Festival Review: Hopkins Creek Festival 2019

We have to start this review of the fourth annual Hopkins Creek Festival with a tale of Bobby. After recently setting foot in Melbourne from the lands of Europe, he was quickly divulged to about the festival coming up in a few days.

With no hesitation and no way of getting there, Bobby bought a ticket. So desperate to go, Bobby made a sign on a measly piece of paper that said, “HOK INS CREEK”, and it wasn’t long before another legend on his way was in stitches at the sight of him on the street and helped the man get to the festival.

Those legends, among other legends, had a splendid time.

Each year, Hopkins grows in strength. From dedicating the bill to the Little Morocco tea tent with an impressive international and local ambient line-up, to a complete rehaul of fishing attire to deck out the bait shop, there were some pretty special additions to the festival. Here are some of the highlights.


The People  

Hopkins manages to attract a special kind of crowd. They’re usually there for one thing – to enjoy a great weekend away in the company of other good people who also have a delicious music taste.

Whether it’s your first or your fourth festival, the loyalty to the festy will be strong. Loyalty comes in the form of boogieing in a deep layer of fog that forbids you from seeing two feet in front of you. Or it comes in the form of getting stuck in your tent and partying on anyway – like a punter friend who got stuck in his tent during DJ Jnett’s set.

After a quickly needed cat nap, they awoke to the fist-pumping rage of her tunes and wanted to get to stage ASAP. But due to a faulty zipper, he was trapped. But regardless of this, he still had a really great time partying to her outrageously vibing set.


It also comes through the dedication to conjuring up the year’s best anagram – this year definitely beats the last. Herpes Kickon is not contendable. Disagree? Fight me on it with your next best suggestion.

Humorously, the letters were slightly altered last year, featuring artwork with little creatures. Rumour has it, they were built that way to prevent people from fucking with them. I’d recommend they keep the letters – it’s a part of the excitement waiting to see what’s pulled next year.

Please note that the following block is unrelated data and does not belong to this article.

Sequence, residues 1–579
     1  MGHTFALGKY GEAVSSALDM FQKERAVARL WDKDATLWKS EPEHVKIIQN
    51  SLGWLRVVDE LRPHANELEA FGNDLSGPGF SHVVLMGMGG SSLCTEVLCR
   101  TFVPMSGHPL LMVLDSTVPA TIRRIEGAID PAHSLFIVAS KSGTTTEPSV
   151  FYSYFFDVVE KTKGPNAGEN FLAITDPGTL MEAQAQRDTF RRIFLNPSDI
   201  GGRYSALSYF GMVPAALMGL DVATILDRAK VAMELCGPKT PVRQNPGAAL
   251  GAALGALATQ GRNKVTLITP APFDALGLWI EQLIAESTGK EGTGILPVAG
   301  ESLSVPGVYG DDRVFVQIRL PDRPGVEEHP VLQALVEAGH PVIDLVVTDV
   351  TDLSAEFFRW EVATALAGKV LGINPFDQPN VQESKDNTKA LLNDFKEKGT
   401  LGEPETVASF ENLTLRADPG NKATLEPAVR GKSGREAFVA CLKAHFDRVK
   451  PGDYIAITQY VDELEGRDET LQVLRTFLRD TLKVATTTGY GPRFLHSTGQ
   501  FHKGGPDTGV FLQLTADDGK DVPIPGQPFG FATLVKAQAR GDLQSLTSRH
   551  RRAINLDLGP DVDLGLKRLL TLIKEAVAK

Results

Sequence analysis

The Internationals

Some solid internationals were on the line-up this year. Alison Swing was a vibe and a half. Featuring psychedelic screamers, jazz-infused belters and sick spacey rock and roll, she made sure she was only throwing down bass-throttling booty shakers. Not too sure on her choice of playing the worst version of the Beverley Hills Cop Theme Song though, redone by the little shit that I thought I had forgotten – Crazy Frog [sighs].

The Armenian mastermind Dreems played a downtempo, somewhat comedic set as he pestered the crowd to get up and dance, exploring the use of his special effects. I’m surprised the talent didn’t get burnt as he played in the scorching sunlight mid-afternoon on the Sunday. Hats off (literally) to the punter who sacrificed his own hat and gave it to the great man as he played.


The Locals

Now this is a statement that will come as no surprise – the locals really outshone the internationals this year. Not to say that one was any better than the other, but it seems we can be as pleasantly surprised by the new additions of the productions of people who we hear regularly as those who come from across the other side of the world.

Lush Life were ridiculously tight. You only had to witness the eruption of the crowd to agree. Three superpowers joined forces, with Ryan Berkeley, Horatio Luna and On-Ly, to produce the sound of live jazz-house – but you can’t quite restrict it a certain genre. Stellar percussion and synths from Berkeley, with roaring, funky basslines of Horatio and On-Ly’s silky-smooth keys created a magical sound and I can’t wait to see what more they deliver. I’ll be waiting in glee.

Ingrid got the Bait Shop pumping with a super jokes, unapologetic UK Garage set – with more airhorns than thought humanly possible. And an ultimate favourite for the weekend was the Angler’s Club who took us back to the early 2000s with Dizzee Rascal, Moda, the cinematic Masayoshi Takanaka’s Rainbow Goblins and a classic, “Love Is in the Air”, to finish the great weekend off.

The music did feel as though it was leaning towards the heavier side for a majority of the Saturday, so fingers crossed the “Melbourne techno memo” doesn’t reign supreme to accommodate those who like a more melodic and detailed electronic auditory experience. But every sound and taste was accommodated to across the weekend, which can be credited towards the commitment of the team to represent a wide-ranging variety of Australia’s best emerging electronic artists.


The Festival

The team put in a heck of an effort to pull off the weekend. A huge kudos goes to all of those who managed to make it as homely as before. From lighting up the infamous trees by Barry’s Bait Shop, to trekking to an Estate sale to purchase a faithful late fisherman’s lasting fishing attire to deck out the shop, there was a delightful place to kick back no matter what mood you were in. Hopkins Creek remains as one of the best weekends of the year, and I’m getting a bit emotional about it now acknowledging that it’s going to be a long time until the next one.

Pic Cred: Zeazy